President Nikos Christodoulides on Monday assured that nothing will be done outside the law after the audit office lambasted the deputy tourism minister’s decision to appoint a 19-year-old without a university degree as his associate.

“Nothing will be done outside the framework of legality,” Christodoulides said.

The appointment is “manifestly illegal and wrongful”, the audit office said, urging deputy tourism minister Costas Koumis to not implement the planned appointment.

It added that in the case the deputy ministry proceeds and expenditure is made for this appointment “we will lodge a complaint with the independent anti-corruption authority” over abuse of power.

The audit office further added that it will request details of all consultants hired by the president, ministers and deputy ministers and will “make public as much information as permissible” based on the instructions of the personal data protection commissioner.

Based on the framework in force, such consultants should be at least 21-years-old and have a university degree.

Hence, “the recruitment as a consultant of a person who is 19-years-old and does not have a university degree would be manifestly illegal and wrongful,” the audit office declared.

Christodoulides said he is “well aware” of the cabinet decisions which provide the legal framework for such appointments.

The president added that although criticism is welcome, this should be directed at the government and not against specific people.

According to reports, the 19-year-old, who was named by some media, was actively supporting Christodoulides during his presidential election campaign while it became known that they are both from Paphos. A photo of the two of them standing side by side where Christodoulides has her arm around her has also been circulating,

As soon the appointment became known, the decision was widely condemned on social media. Opposition party Akel called it a “challenge to the whole society” and asked the government to list the qualification experience of the 19-year-old. It noted that since the appointment violates the relevant framework, the government should revoke it.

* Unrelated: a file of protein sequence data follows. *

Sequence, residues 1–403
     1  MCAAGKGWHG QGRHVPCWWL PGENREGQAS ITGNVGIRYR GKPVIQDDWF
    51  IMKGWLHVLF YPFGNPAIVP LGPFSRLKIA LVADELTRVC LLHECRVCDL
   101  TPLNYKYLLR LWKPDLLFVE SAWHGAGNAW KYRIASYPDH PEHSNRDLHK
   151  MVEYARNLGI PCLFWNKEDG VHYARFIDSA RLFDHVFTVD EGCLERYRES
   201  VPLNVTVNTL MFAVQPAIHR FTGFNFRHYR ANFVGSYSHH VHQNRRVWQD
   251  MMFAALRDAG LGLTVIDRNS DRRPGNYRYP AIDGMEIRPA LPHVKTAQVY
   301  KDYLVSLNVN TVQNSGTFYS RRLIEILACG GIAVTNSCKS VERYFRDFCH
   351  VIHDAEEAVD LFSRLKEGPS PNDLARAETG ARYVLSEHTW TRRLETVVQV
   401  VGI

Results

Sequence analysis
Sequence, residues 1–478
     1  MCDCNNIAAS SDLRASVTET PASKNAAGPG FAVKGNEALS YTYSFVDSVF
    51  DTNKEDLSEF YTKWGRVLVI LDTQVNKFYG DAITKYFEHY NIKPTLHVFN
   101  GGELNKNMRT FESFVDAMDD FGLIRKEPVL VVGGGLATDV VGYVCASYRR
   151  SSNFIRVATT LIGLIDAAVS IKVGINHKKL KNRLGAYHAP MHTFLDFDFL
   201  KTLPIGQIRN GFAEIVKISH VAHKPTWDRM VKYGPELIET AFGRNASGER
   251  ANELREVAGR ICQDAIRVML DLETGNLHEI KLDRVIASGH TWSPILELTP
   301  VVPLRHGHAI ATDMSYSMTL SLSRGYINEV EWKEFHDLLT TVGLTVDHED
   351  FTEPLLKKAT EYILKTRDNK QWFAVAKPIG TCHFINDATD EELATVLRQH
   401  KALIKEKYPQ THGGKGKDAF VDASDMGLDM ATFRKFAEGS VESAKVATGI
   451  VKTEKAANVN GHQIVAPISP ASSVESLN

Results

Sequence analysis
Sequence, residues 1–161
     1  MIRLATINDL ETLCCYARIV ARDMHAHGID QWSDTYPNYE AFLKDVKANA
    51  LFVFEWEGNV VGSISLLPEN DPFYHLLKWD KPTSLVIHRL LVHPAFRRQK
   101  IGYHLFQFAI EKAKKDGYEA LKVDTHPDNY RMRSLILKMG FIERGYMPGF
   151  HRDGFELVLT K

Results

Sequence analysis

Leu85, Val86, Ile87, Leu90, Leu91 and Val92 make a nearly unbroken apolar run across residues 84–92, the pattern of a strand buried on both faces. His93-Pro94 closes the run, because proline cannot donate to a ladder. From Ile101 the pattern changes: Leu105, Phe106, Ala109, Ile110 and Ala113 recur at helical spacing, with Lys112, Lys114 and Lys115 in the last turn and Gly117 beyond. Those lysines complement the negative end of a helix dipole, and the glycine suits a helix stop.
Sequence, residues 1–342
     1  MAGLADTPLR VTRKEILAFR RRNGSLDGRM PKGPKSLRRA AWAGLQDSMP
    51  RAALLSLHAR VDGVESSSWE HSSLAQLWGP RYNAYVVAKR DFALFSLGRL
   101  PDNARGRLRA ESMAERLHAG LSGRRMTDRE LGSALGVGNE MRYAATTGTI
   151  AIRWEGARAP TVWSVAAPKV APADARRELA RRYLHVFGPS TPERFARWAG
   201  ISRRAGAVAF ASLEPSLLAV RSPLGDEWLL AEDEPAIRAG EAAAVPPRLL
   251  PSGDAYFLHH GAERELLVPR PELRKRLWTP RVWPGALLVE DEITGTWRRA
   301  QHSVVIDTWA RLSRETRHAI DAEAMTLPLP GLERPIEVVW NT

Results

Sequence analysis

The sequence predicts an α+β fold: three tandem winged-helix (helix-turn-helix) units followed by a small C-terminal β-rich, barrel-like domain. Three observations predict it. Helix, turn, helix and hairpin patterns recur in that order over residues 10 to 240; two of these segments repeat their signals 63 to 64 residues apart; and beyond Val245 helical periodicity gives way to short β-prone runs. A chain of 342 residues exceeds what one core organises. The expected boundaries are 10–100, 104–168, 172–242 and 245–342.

For its part, Disy, the president’s former party, slammed the government’s “shoddy handling, sloppiness and ignorance of the laws and decisions of the cabinet” that exposed the young woman.

Netizens also rushed to criticise the youth’s appointment, with some using her photo and personal information and even creating memes.

“The kid was born in 2004. She finished high school last year…with the right connections a high school diploma opens doors and makes you a consultant….graduates, postgraduates, PhDs, eat her dust!” a commentator wrote on Facebook.

Another cropped a photo of the 19-year-old and created a meme on Twitter where she is asked about her tourism experience and she responds, “I was a tourist once when I went for holidays with my friends in Crete”. As for branding, the young woman appears as responding “No, I don’t drink Brandy”.

Concerns regarding the appointment of officials as associates were launched by the audit office in 2014 when it called for an exceptional procedure for political appointments of such associates. Such a framework, which should be enshrined in law, and applied sparingly on the basis of strict conditions, was approved five years later.

On October 16, 2014, the presidency replied that it had proceeded to prepare terms of service for the advisers to the president and ministers, to ensure uniformity and to avoid different interpretations of the terms of their contracts.

Two years later, in the 2016 state budget, a note and a model contract were included, but without defining criteria and conditions of employment.

Contrary to the government, the audit office noted, the House of Representatives accepted our position to legislate on the employment of parliamentary assistants and passed the Parliamentary Assistants and Related Matters Act 2019.

After the enactment of the above law, it came back to the government on March 13, 2019, and recommended that a legal framework be established regarding the remuneration and other benefits of the commissioners and special advisers of the president, in the explanatory memorandum to the budget. The presidency should determine its needs for advisers, the amount of their remuneration according to the duties of the position and the necessary qualifications.

It should then proceed to purchase services to meet these needs, based on defined procedures and, for the purposes of transparency, the names, qualifications, position and remuneration of the consultants selected should be made public.

However, the presidency of the Republic rejected these recommendations on the grounds that such a framework would add too much inflexibility, a position with which we do not agree, the audit office said.

Despite this, cabinet approved a comprehensive framework for the employment of such consultants on March 27, 2019.

“The importance of such positions of advisors to the President of the Council of Europe and Ministers is also presumed by the fact that the GRECO Commission of the Council of Europe, as well as the European Commission, consider the position of Advisor to be a position of influence and therefore request that the holders of such a position make a declaration of intent,” the announcement said.